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Recall $Q = dU + W$ (First Thermodynamic law, energy conservation).
If $Q=0$ (for adiabatic process, either adiabatic expansion or contraction), and supposing $W = pdV$, then $0 = dU + pdV$.

Either by definition, or the thermodynamic identity, $\tau d\sigma = dU + pdV$, then $C_V := \left( \frac{ \partial U}{ \partial \tau} \right)_V$. My question is this: for a manifold of thermodynamic states $M$, $M=(U,V)$, i.e. $U$ is a global coordinate, being the internal energy of the gas system, and $V$ is a ``local'' coordinate. One can make a Legendre transformation such that $M$ is parametrized by $(\tau,V)$, where $\tau$ is the temperature. In general, one should say that $U=U(\tau,V) \in C^{\infty}(M)$, and so $dU = \frac{ \partial U }{ \partial \tau} d\tau + \frac{ \partial U}{ \partial V} dV$, $dU \in \Omega^1(M)$.

However, for this adiabatic process, we want

$Q = 0 = dU + W = dU + pdV = C_V d \tau + pdV$

which implies that $dU = C_V d\tau$. What happened to the $\frac{ \partial U}{ \partial V} dV$? Is it that in this adiabatic process, the internal energy of the gas system goes to either doing work (expansion) or increases due to work being done on it (contraction), and is characterized completely by a drop or increase in its temperature, respectively? And so $dU = C_V \tau$, and $pdV$ completely describes what's going on with work done or work done on it?

Nevertheless, using the (empirical) ideal gas law, $pV = N\tau$,

$0 = C_V d\tau + pdV = C_V d\tau + \frac{N\tau}{V} dV$

Consider a path $\begin{aligned} & \gamma : \mathbb{R} \to M \\ & \gamma(t) = (\tau(t), V(t)) \end{aligned}$

in $M$, so that $\dot{\gamma}(t) = \dot{\tau} \frac{ \partial }{ \partial \tau } + \dot{V} \frac{ \partial }{ \partial V} \in \mathfrak{X}(M)$.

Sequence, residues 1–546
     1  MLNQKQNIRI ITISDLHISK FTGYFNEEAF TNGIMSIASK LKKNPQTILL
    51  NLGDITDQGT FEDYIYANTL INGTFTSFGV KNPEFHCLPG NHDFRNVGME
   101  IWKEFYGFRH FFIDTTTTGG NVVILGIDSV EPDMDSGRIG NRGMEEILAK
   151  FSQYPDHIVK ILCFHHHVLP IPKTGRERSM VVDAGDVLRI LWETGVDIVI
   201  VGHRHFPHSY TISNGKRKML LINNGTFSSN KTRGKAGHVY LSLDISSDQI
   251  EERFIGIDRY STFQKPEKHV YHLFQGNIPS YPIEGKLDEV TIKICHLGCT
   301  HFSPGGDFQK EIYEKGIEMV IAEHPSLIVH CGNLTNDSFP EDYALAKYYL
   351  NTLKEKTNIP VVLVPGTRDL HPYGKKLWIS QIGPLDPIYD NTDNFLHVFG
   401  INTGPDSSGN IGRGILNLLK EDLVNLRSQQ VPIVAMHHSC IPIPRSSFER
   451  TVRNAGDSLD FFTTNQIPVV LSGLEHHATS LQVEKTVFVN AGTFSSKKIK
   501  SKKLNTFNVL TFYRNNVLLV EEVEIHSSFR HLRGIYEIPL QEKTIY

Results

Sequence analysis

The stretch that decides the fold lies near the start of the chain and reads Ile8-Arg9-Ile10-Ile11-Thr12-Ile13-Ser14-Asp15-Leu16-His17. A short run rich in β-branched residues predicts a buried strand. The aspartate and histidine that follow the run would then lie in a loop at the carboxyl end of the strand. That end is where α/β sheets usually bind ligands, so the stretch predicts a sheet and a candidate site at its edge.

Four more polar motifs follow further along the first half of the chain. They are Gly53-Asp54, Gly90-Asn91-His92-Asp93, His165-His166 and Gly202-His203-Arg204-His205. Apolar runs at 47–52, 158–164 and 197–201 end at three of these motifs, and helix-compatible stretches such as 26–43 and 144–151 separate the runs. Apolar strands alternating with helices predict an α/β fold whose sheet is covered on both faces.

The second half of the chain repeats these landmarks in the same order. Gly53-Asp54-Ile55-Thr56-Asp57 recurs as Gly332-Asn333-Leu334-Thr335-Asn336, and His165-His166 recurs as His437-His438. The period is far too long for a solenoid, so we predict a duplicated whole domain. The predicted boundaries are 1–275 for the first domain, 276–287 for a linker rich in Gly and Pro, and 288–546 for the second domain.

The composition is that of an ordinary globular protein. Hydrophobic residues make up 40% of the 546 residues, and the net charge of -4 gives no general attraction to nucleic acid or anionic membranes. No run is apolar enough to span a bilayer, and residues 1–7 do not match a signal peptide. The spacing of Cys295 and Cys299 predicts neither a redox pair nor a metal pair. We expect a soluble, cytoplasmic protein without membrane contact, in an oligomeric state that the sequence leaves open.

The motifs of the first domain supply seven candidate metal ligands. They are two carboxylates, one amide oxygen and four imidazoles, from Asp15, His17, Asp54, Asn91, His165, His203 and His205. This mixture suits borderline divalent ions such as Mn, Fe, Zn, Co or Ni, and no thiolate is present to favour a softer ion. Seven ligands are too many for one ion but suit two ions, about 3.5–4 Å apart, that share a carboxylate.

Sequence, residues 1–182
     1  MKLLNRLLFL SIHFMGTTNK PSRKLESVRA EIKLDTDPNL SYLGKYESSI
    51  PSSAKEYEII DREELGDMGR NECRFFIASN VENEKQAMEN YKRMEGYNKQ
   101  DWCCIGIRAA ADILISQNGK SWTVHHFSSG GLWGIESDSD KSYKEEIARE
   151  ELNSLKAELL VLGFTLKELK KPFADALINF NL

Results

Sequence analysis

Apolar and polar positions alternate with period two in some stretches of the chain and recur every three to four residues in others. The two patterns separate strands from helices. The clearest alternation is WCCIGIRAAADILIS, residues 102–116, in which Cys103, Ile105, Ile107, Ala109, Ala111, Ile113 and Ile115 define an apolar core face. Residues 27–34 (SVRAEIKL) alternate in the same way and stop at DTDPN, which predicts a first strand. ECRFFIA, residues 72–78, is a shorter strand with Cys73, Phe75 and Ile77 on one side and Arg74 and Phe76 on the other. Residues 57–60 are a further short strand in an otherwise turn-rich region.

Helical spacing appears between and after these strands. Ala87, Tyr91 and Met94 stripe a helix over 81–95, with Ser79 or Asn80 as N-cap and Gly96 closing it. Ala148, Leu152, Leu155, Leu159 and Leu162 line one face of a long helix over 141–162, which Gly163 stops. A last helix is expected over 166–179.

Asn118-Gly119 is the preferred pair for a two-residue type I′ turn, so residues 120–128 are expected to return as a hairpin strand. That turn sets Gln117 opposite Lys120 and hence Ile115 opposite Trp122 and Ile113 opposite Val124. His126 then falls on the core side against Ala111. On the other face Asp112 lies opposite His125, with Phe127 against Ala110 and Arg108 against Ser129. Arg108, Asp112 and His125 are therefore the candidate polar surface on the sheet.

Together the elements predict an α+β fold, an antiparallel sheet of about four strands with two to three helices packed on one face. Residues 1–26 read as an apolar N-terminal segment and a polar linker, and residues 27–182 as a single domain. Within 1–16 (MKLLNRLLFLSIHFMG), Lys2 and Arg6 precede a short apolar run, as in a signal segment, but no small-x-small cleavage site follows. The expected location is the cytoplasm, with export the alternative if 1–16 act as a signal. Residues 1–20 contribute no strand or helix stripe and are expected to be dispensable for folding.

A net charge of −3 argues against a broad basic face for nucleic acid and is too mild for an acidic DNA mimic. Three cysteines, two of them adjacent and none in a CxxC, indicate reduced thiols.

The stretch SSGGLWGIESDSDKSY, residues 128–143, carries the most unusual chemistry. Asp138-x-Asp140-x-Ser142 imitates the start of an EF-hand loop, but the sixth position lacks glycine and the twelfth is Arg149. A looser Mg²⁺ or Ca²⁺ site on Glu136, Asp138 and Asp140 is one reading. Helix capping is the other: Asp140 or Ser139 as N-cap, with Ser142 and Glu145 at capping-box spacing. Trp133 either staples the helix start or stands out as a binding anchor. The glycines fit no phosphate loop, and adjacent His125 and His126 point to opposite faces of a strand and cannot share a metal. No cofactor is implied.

Thus,

\begin{gathered} 0 = C_v \dot{\tau} + \frac{N \tau}{V} \dot{V} \text{ so } \frac{ \dot{\tau}}{\tau} + \frac{N}{C_V} \frac{ \dot{V}}{V} \\ \xrightarrow{ \int dt } \ln{ \frac{ \tau_f}{ \tau_i } } + \frac{N}{C_V} \ln{ \frac{V_f}{ V_i } } = 0 \text{ or } \ln{\tau V^{\frac{N}{C_V}} } = \text{ const. } \end{gathered}

Now

$\frac{N}{C_V} = \frac{C_P - C_V}{ C_V} = \gamma -1 $

which is true, assuming the (empirical) ideal gas law, the thermodynamic identity, and, surely, for the case of a monatomic gas.

Thus

$\tau_f V_f^{\gamma-1} = \tau_i V_i^{\gamma -1}$

Summary: This should also clarify, for undergraduate level thermodynamics, this question: when is it that the change in internal energy, $dU$ (or if you like, $\Delta E$ or $\Delta U$), only changes with temperature, and so one can employ the heat capacity that keeps volume constant $C_V$, in that $dU = C_V d\tau$, knowing that $C_V := \left( \frac{ \partial U}{ \partial \tau} \right)_V$ (by definition)?

References:

  • Ralph Baierlein Thermal Physics
  • Kittel and Kroemer Thermal Physics
  • Bernard Schutz Geometrical Methods of Mathematical Physics Chapter 5 Section A Thermodynamics (very different perspective on thermodynamics from a differential geometry point of view)
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$dU = C_v dT$ is the case for ideal gases (its actually called Joule's law).

Obviously it's not the case for general substances. A dependency on the total volume can be thought of position constraints between different parts of the substance, which for example appear when the energy has a non-zero potential term. As you may recall, ideal gases are not victims of such devices.

Are there OTHER substances with the property $dU = C_v dT$?? Obviously there is a family of them given by letting $C_v$ take different values... in real life one could expect them to be all sort of complex molecules in a gaseous state at sufficiently high temperature (kinetic term much bigger than potential one). Two issues with this:

  1. Relativistic Thermodynamics should be better suited for this... for example relativistic energy ain't the sum of two terms
  2. The "gaseous at high temperature" non-monoatomic substances will probably become unstable before being a good "ideal gas"
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